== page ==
This is the second easiest and cheapest option in the books and is often the resort of many of us. Shaving is quick but sometimes the repercussion is a headache. One important tip I can share is to always use a sharp blade. It doesn’t take a genius to figure out that in order to make a clean shave, you have to use exactly that. Throw away your razors after two to three uses, and most especially when there’s rust forming. Exfoliate the area before shaving to let the hair loosen up so it comes off easily and keep the area moisturized days after. Shaving gels and creams has been off of my kit a long time ago and I’ve replaced them with a trusty extra virgin coconut oil; it’s the only thing that keeps me from itch after shaving.
For me, it is often the safest choice if you want the hairs completely off however it is often a choice that is quite expensive to maintain every so often. Really, the choice is up to you. My only tip however is find a waxing salon with a technician that REALLY knows what they’re doing, especially when it comes to sanitation practices. I’ve sadly experienced such a botch job before when I didn’t have enough time to scout for a good tech. Honestly, waxing shouldn’t hurt as much if you’re in the hands of a good tech and it won’t also take a lot of time. I personally prefer a mix of soft and hard hot wax instead of the cold one because of just how clean and quick it is.
Laser for Hair Removal
Again, another more expensive route. Sometimes it works, sometimes it doesn’t. The likelihood of hair regrowth is unknown unless you’ve tried it yourself. Like my previous tip, do your research. A good tech, a good salon, a good package that won’t blow your wallet into pieces and a good timeline. Chances are if you were previously into shaving or waxing, you’d still have to do it for the first few sessions before the hair growth slows down. That is not to say that I’ve not seen people who had success with laser hair treatment but again, before you invest in it, put on your thinking cap.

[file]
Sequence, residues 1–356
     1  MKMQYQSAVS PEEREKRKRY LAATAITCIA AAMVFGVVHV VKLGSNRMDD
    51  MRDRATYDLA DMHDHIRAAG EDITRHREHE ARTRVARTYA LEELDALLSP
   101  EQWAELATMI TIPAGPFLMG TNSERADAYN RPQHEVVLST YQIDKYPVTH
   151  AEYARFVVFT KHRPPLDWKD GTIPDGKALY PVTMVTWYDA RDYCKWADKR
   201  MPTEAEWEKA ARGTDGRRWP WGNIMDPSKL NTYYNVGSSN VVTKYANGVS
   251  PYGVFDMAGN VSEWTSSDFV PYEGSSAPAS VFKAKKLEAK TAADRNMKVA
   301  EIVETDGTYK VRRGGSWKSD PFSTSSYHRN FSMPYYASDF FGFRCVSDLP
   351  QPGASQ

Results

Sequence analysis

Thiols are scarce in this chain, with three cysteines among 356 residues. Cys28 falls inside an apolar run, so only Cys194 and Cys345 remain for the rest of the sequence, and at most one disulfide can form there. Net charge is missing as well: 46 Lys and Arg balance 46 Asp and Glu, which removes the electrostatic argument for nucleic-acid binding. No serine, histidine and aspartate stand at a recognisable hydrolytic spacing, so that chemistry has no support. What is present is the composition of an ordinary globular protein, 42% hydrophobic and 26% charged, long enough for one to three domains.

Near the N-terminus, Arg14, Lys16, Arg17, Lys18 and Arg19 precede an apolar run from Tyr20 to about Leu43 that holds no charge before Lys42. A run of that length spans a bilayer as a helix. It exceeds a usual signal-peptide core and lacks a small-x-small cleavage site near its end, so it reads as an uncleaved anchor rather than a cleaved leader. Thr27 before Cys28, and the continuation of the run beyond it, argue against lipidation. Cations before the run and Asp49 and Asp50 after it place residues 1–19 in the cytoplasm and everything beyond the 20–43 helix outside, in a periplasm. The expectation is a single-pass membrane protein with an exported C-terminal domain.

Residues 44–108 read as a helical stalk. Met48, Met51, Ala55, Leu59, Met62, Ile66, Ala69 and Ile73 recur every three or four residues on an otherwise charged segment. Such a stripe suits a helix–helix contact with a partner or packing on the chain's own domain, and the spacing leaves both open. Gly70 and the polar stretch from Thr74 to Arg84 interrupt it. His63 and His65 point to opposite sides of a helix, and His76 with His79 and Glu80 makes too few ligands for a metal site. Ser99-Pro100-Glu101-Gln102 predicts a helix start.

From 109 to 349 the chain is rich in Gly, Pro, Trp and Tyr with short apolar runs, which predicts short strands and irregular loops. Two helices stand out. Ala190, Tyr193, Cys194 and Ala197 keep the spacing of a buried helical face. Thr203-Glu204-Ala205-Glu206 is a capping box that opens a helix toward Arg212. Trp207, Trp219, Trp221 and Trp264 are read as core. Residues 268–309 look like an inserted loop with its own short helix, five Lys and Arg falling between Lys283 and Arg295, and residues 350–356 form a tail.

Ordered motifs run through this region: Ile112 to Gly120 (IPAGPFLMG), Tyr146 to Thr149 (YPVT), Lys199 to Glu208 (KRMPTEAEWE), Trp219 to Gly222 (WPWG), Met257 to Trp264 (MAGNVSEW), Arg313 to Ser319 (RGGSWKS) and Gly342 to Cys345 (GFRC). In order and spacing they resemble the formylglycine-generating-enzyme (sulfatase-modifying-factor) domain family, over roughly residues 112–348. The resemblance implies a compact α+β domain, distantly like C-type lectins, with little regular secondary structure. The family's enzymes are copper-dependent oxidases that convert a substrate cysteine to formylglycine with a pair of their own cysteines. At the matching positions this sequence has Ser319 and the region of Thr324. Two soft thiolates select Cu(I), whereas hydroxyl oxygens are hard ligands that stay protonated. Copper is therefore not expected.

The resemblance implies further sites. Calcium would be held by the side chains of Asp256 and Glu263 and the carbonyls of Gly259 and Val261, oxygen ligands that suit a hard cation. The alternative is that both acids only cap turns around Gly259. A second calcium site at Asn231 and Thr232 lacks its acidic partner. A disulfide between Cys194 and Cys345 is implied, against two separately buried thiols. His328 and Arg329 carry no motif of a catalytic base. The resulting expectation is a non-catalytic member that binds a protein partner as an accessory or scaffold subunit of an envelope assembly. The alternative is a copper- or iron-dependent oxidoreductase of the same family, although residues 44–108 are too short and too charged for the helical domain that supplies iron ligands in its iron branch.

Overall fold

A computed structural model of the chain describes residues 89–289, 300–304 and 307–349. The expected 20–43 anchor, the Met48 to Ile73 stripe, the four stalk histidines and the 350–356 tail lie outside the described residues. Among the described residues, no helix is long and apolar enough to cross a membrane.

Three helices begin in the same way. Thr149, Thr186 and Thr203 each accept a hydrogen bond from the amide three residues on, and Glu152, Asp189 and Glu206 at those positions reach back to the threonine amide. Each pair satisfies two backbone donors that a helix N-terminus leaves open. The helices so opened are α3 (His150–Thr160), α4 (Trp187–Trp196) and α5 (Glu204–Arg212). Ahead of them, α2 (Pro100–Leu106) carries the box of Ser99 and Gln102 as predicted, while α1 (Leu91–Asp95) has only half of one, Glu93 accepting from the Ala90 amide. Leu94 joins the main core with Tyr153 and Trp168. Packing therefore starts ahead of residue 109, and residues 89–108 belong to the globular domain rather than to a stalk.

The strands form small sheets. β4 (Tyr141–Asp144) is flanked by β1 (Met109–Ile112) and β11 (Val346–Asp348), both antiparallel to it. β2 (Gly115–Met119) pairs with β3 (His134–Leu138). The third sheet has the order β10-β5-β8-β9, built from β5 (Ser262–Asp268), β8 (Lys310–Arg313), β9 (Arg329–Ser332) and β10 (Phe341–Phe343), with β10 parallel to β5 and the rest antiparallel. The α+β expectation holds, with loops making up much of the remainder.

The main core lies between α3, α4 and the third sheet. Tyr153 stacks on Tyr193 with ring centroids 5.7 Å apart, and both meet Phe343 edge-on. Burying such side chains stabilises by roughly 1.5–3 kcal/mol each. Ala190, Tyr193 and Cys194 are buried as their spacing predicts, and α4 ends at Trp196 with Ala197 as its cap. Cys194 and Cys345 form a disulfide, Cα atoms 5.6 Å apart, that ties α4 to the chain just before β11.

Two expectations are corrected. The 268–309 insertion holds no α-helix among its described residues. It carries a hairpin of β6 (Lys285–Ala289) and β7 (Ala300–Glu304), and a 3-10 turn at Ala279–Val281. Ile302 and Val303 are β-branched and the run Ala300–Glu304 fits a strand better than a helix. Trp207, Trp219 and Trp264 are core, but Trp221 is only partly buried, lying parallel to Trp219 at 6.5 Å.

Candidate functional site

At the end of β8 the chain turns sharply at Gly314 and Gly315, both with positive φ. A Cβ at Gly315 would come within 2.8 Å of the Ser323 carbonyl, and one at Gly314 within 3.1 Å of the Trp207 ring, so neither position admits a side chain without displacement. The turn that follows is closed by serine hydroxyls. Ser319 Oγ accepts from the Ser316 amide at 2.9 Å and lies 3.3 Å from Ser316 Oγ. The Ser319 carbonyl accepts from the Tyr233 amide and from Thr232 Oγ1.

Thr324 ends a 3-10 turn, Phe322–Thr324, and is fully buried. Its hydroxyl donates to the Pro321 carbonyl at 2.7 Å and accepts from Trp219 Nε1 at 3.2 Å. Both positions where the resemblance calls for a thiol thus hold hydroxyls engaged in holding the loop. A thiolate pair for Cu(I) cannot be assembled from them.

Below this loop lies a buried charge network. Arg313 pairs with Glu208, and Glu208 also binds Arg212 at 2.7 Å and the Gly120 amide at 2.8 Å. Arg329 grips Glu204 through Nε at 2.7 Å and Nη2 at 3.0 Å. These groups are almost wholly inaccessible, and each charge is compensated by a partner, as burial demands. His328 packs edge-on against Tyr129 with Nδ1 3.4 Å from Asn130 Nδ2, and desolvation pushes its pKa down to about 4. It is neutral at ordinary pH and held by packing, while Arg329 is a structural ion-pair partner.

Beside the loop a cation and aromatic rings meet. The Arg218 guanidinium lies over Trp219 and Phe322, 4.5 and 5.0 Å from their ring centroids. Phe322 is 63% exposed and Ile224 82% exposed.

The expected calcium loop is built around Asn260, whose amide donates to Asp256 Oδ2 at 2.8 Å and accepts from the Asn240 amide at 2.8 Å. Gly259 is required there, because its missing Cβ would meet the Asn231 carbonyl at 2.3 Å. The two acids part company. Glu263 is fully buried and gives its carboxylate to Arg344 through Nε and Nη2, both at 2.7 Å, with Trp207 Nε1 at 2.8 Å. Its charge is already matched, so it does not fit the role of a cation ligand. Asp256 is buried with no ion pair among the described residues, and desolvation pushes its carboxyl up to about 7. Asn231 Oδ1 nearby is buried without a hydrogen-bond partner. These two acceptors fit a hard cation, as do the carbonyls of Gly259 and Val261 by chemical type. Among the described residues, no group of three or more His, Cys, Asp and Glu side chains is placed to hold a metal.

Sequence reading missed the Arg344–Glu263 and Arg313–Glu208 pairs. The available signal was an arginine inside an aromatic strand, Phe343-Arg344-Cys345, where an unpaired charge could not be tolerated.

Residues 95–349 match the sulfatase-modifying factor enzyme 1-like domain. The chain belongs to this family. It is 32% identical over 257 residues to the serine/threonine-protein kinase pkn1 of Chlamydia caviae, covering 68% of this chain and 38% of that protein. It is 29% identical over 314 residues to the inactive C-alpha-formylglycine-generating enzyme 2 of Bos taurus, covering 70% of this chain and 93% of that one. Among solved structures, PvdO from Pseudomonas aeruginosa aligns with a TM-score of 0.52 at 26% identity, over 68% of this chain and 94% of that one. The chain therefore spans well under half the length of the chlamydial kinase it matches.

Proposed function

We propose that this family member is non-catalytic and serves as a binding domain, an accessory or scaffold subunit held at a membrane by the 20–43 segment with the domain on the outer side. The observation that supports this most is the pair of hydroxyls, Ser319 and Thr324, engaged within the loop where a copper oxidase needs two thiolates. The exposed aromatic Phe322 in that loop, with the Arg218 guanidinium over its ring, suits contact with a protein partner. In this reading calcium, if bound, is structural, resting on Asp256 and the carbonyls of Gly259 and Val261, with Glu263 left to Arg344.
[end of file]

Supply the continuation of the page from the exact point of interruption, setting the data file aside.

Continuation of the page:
Hair Removal Cream
We always see this product in supermarkets and I’m sure about half of us have tried it. I honestly don’t like them as much, it’s not something I can promote especially on areas aside from legs. For me, they’re quite messy and doesn’t get off the hair as efficiently as I expect them to. However, I have friends who love it, swears by it and have used it for years. It is one of the cheaper options as well so there’s nothing much to lose by trying it. My only tip would be to find a good brand and to really let it sit for a few minutes so it works the way it’s supposed to.
These are just some of my personal sentiments about hair and managing them. What are some of yours? Do you like to let them grow freely? Trim them? Or completely get rid of them?